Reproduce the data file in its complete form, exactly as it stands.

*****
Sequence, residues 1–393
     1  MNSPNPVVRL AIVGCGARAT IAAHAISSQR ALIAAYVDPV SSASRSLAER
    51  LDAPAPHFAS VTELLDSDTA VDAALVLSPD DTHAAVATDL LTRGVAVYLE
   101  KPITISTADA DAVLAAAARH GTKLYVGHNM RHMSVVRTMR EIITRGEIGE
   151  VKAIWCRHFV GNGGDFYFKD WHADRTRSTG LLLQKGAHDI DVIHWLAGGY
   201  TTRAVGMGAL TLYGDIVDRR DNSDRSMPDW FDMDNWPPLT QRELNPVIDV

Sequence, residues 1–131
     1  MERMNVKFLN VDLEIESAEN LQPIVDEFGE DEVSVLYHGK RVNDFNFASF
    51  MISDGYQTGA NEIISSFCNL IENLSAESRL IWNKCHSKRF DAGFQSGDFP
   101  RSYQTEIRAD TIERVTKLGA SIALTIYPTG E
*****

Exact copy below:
Sequence, residues 1–393
     1  MNSPNPVVRL AIVGCGARAT IAAHAISSQR ALIAAYVDPV SSASRSLAER
    51  LDAPAPHFAS VTELLDSDTA VDAALVLSPD DTHAAVATDL LTRGVAVYLE
   101  KPITISTADA DAVLAAAARH GTKLYVGHNM RHMSVVRTMR EIITRGEIGE
   151  VKAIWCRHFV GNGGDFYFKD WHADRTRSTG LLLQKGAHDI DVIHWLAGGY
   201  TTRAVGMGAL TLYGDIVDRR DNSDRSMPDW FDMDNWPPLT QRELNPVIDV

Sequence, residues 1–131
     1  MERMNVKFLN VDLEIESAEN LQPIVDEFGE DEVSVLYHGK RVNDFNFASF
    51  MISDGYQTGA NEIISSFCNL IENLSAESRL IWNKCHSKRF DAGFQSGDFP
   101  RSYQTEIRAD TIERVTKLGA SIALTIYPTG E